Roberts cited a number of subsequent Court decisions, including Watson v. Jones (1872), Kedroff v. Saint Nicholas Cathedral (1952), and others in which the courts had allowed hierarchical religious organizations to establish their own rules and make their own choices.  Courts of appeal have uniformly accepted a “ministerial exception” as a way of keeping the state out of church employment decisions.  There should be no need for churches to rely on freedom of association, as recognized in Roberts v. United States Jaycees (1984) since it is “the text of the First Amendment itself, which gives special solicitude to the rights of religious organizations.” Similarly, the Court’s decision in Employment Division v. Smith (1990), which refused to exempt churches from generally-applicable criminal laws, is inapplicable because the case at issue involves “government interference with an internal church decision that affects the faith and mission of the church itself.”

Roberts believed that Perich clearly qualified under the ministerial exception. The church held her out as a “called” minister, and she accepted this designation. She taught religion and accepted a special housing allowance for ministers. According to Roberts, the 6th Circuit committed three errors in deciding otherwise. First, it failed to take account of the fact that she was a commissioned minister. Second, it gave too much weight to the fact that lay leaders at the school also performed some religious duties. Third, it placed too much emphasis on Perich’s secular duties. Roberts observed that “The issue before us . . . is not one that can be resolved by a stopwatch.” Any award on Perich’s behalf would be a penalty on the church for exercising its ecclesiastical judgment. Roberts, however, limited the specific ruling to cases involving employment discrimination.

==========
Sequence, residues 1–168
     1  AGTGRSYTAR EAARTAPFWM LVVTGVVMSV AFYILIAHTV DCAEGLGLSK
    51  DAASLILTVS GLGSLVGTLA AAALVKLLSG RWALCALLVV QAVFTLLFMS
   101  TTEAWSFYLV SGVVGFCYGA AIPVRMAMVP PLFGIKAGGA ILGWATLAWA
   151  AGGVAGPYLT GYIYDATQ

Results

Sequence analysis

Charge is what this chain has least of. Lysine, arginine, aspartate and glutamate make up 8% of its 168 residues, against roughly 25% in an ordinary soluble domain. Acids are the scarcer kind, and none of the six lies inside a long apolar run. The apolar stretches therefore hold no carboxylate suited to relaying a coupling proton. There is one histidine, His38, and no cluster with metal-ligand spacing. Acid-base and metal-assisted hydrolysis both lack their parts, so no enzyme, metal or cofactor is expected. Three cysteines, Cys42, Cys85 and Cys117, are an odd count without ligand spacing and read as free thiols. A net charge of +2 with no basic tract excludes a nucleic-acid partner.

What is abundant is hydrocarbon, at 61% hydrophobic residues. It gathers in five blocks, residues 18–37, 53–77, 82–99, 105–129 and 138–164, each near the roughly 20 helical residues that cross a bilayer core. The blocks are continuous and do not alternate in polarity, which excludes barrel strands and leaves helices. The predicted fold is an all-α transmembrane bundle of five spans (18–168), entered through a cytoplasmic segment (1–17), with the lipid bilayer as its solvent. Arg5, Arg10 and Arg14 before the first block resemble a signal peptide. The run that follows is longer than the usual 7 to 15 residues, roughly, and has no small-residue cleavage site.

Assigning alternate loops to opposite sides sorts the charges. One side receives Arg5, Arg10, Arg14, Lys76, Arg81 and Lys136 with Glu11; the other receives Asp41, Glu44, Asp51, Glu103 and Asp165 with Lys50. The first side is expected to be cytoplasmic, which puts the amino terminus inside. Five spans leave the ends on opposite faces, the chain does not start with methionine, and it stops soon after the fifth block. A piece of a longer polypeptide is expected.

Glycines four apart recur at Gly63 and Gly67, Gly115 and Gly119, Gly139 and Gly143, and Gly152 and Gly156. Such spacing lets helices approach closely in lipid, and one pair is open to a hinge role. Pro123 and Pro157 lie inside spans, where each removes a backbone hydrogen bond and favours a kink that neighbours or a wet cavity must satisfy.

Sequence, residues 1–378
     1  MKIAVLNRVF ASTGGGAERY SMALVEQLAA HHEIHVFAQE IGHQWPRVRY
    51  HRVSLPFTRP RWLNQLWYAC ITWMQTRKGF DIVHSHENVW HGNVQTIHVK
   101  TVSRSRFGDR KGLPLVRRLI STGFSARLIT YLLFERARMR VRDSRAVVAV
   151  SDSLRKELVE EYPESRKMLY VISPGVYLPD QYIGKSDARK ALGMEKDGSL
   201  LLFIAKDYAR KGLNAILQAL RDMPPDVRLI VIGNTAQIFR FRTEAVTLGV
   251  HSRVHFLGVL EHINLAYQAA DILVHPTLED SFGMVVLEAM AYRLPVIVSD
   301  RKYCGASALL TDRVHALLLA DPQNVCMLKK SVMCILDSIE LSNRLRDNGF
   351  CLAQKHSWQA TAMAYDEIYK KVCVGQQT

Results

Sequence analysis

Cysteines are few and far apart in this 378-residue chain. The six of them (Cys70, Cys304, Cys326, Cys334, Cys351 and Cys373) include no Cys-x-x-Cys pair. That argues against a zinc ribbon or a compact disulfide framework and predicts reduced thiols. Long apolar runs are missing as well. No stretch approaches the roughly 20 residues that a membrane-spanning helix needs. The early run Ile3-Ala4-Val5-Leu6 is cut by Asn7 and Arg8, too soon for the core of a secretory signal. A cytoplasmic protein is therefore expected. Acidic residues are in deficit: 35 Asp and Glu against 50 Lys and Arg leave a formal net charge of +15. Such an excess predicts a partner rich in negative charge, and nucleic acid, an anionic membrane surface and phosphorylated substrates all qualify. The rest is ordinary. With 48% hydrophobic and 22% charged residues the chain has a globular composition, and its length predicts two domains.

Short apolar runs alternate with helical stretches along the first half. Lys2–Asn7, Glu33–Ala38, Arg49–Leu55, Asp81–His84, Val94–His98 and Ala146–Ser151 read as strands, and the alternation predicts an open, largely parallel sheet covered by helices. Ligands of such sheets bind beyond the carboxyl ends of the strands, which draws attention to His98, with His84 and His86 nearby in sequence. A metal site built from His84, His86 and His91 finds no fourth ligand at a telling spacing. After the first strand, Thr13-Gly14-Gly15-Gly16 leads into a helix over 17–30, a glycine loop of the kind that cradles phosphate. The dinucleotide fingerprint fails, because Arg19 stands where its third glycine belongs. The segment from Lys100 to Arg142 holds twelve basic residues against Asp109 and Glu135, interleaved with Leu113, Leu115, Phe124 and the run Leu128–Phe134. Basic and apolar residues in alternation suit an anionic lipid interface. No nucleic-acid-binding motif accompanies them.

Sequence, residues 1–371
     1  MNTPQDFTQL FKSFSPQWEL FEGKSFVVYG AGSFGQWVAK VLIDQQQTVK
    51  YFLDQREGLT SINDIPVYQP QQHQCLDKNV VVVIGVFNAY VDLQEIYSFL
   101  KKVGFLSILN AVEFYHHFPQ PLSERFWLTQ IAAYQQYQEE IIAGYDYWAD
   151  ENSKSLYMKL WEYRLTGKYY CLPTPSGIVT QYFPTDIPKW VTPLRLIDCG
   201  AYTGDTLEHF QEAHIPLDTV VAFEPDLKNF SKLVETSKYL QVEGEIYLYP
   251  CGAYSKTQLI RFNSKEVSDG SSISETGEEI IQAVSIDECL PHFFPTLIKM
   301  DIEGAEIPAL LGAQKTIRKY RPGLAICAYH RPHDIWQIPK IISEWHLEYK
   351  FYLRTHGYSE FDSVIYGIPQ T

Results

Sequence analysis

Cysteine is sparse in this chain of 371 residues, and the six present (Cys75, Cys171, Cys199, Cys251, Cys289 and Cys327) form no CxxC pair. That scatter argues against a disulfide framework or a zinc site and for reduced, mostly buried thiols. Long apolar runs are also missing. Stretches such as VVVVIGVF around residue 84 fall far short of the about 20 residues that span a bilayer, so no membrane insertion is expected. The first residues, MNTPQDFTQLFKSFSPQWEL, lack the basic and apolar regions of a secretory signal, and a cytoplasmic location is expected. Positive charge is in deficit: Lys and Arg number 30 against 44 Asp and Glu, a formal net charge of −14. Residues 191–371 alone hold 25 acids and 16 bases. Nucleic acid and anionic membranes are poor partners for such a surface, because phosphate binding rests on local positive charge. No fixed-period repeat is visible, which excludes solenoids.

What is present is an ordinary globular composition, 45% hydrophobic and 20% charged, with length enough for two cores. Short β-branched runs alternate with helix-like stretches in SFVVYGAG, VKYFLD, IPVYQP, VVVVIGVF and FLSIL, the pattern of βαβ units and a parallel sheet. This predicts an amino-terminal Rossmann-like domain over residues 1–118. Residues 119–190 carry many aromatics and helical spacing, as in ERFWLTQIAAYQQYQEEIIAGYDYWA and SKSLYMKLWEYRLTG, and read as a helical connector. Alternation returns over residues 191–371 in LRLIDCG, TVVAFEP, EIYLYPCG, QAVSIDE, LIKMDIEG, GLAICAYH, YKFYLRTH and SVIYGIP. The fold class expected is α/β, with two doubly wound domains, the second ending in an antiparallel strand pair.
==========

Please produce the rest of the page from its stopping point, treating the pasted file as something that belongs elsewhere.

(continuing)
Justice Clarence Thomas wrote a concurring opinion supporting the ministerial exception while acknowledging that there was no bright-line rule separating ministers from others.  The fact that Hosanna-Tabor considered Perich to be a minister would be enough for him “to conclude that Perich’s suit is properly barred by the ministerial exception.”

Justice Samuel Alito also wrote a concurring opinion, joined by Justice Elena Kagan, in which he noted that the term “minister” and “ministerial exception” might apply to church leaders without this official title. In such cases, the Court should consider  “the function performed by persons who work for religious bodies,” and in this case it was clear that Perich so qualified.  Churches have historically served as private associations that acted as buffers between individuals and the State, and the ministerial exception serves to further this interest.

Supporters of the decision lauded it as victory for religious freedom.  However, detractors worried that the broad application of the “ministerial exception” gives churches a license to discriminate.